Although she spent five successful, though often controversial, seasons at the Metropolitan in New York (1961-66), she gained most of her fame from performing in recitals and concerts, and on the radio, where she began her career with her own show, ‘Eileen Farrell Sings’, in 1940. It lasted seven years and brought her wide audiences, including Leopold Stokowski, with whom she recorded Wagner's ‘Wesendonck Lieder’, and made her New York Philharmonic concert debut in 1949. By that time, however, Farrell had outfaced sceptics, who thought she could not transfer her talent into the serious field. She began a recital tour in 1950 which had its climax in New York at Carnegie Hall. It caused a sensation, and more New York Philharmonic engagements followed - eventually she appeared with the Orchestra 61 times. Her mentor was the orchestra's then music director, Dimitri Mitropoulos; in 1951, she sang Marie in a celebrated Carnegie Hall performance of Berg's WOZZECK under him, which was recorded. Later, when Leonard Bernstein was the orchestra's chief, she essayed Brünnhilde and Isolde, roles that by rights she should have taken on stage. An American critic wrote: ‘Note for note her voice is perhaps the most flawless instrument as exists in the world today. Her glowing trumpet tone was a like a fiery angel claiming the millennium’."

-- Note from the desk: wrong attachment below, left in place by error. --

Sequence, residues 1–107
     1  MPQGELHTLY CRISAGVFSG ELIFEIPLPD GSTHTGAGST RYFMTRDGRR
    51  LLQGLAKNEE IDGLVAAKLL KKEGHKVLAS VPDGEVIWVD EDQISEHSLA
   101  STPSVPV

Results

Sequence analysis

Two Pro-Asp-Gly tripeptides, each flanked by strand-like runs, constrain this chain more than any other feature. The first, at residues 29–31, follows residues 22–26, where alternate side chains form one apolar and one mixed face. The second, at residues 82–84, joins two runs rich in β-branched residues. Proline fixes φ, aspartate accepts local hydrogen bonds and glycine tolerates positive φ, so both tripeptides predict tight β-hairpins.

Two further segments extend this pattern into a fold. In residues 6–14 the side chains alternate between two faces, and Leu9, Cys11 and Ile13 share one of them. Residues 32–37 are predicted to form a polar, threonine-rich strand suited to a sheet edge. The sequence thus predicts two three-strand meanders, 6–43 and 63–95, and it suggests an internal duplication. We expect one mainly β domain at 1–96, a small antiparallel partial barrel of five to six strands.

- Alan Blyth, THE GUARDIAN, 26 March, 2002